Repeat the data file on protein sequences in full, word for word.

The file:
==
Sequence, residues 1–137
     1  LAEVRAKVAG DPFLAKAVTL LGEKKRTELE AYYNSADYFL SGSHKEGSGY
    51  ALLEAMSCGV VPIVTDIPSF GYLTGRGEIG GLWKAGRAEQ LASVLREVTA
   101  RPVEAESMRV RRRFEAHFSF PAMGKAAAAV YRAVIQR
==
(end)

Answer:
Sequence, residues 1–137
     1  LAEVRAKVAG DPFLAKAVTL LGEKKRTELE AYYNSADYFL SGSHKEGSGY
    51  ALLEAMSCGV VPIVTDIPSF GYLTGRGEIG GLWKAGRAEQ LASVLREVTA
   101  RPVEAESMRV RRRFEAHFSF PAMGKAAAAV YRAVIQR